All about Vichy



If the gingham fabric takes its name from the Vichy thermal french town, its origins is much more distant and more disputed...

In the 19th century, the textile industry was booming in France. At court and in good society, we wear clothes that require meters and meters of fabric that feed and run this nascent industry. Emperor Napoleon III encouraged this development and never missed an opportunity to visit factories whenever he traveled. However, Vichy is one of the resorts of Napoleon III.

These mills had been producing striped cotton canvas for about forty years.

Striped ? And yes, gingham tiles did not appear until the beginning of the 20th century...



Gingham is not an ordinary tile, its subtlety lies in its contrast between white tiles, colored tiles and halftone ones. Be aware that "guenuine" gingham belongs to the family of fabrics called "woven-dyed", meaning that they are dyed before being woven.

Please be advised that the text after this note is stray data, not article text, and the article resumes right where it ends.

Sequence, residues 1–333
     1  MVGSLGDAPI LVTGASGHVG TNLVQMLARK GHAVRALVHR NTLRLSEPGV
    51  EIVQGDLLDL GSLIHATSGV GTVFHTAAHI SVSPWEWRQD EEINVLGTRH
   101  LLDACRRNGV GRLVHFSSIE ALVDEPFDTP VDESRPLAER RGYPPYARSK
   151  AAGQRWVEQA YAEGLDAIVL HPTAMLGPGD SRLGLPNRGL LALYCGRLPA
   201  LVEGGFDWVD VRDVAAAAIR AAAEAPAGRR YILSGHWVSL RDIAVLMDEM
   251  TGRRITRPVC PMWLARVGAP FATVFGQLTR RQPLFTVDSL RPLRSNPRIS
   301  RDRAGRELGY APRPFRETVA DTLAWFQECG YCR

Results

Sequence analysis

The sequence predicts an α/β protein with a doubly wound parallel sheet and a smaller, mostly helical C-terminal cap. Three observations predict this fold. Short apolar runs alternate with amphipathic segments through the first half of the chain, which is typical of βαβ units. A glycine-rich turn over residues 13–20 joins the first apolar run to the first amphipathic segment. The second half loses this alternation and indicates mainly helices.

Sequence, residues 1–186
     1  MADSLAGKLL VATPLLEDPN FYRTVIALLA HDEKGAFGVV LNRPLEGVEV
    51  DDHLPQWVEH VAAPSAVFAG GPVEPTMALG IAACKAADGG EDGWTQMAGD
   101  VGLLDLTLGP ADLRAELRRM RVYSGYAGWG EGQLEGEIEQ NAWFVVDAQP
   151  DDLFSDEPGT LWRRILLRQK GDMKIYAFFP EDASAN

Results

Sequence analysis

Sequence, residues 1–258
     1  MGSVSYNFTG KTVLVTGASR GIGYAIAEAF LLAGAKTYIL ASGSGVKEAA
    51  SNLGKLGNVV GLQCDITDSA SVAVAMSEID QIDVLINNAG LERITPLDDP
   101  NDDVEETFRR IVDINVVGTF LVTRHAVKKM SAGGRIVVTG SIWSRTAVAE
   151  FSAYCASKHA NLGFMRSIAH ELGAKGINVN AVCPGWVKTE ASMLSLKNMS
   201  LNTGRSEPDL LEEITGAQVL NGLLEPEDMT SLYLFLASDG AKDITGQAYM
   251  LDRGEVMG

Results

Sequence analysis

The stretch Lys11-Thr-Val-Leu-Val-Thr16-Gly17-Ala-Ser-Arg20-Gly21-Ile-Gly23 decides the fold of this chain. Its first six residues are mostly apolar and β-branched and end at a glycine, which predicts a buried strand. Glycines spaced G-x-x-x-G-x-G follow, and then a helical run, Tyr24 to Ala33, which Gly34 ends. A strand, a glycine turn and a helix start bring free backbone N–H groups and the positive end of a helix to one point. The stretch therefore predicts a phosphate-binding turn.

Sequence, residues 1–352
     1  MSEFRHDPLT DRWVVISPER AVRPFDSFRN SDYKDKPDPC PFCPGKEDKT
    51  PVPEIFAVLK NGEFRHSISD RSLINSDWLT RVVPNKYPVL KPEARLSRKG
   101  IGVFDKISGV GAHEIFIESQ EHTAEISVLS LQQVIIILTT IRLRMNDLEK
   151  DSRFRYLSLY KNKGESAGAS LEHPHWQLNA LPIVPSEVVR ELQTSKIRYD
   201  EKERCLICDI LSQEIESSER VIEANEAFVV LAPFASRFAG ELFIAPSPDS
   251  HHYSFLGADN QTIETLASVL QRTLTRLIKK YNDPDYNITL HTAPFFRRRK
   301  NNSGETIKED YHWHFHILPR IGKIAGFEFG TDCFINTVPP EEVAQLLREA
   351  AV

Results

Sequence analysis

• Vichy is a checkered cotton canvas
  • Fabric that can be declined in different colors such as pink, blue, red or black.
  • The size of the tile also varies between 5 and 15mm.



It was in 1953 that Brigitte Bardot offered her hours of glory to Vichy. She poses in a pink and white gingham dress for the frontcover of Elle magazine, unleashing a furious madness for this textile. Then in 1959, she get married in gingham in a dress designed by designer Jacques Esterel.


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Success has only one time… But fashion is an eternal restart! 


The gingham then fell and ended up in the bins of the bazaars of Barbès. But Tati made it her backdrop for her bags giving birth to the famous Tati checkered tarpaulins which would relaunch the inspiration of gingham. These “Tati paintings” will inspire the great couturier Azzedine Alaïa and others.

If Haute Couture has adopted gingham, ready to wear follows this "trend" very closely. From Zara to Sezane, all brands have pants, blouses or gingham dresses in their collections. We also find it in our interior where the small squares seduce with their freshness and charm vintage.

Regardless of the eras, gingham has always been able to come back to the fore. It remains above all a universal and timeless pattern.

And Kidiwi also loves gingham like its famous hand-smocked Emelyne dress, its pretty Daphnée jumpsuit, our Sandra summer shorts or its Cédric blouse.







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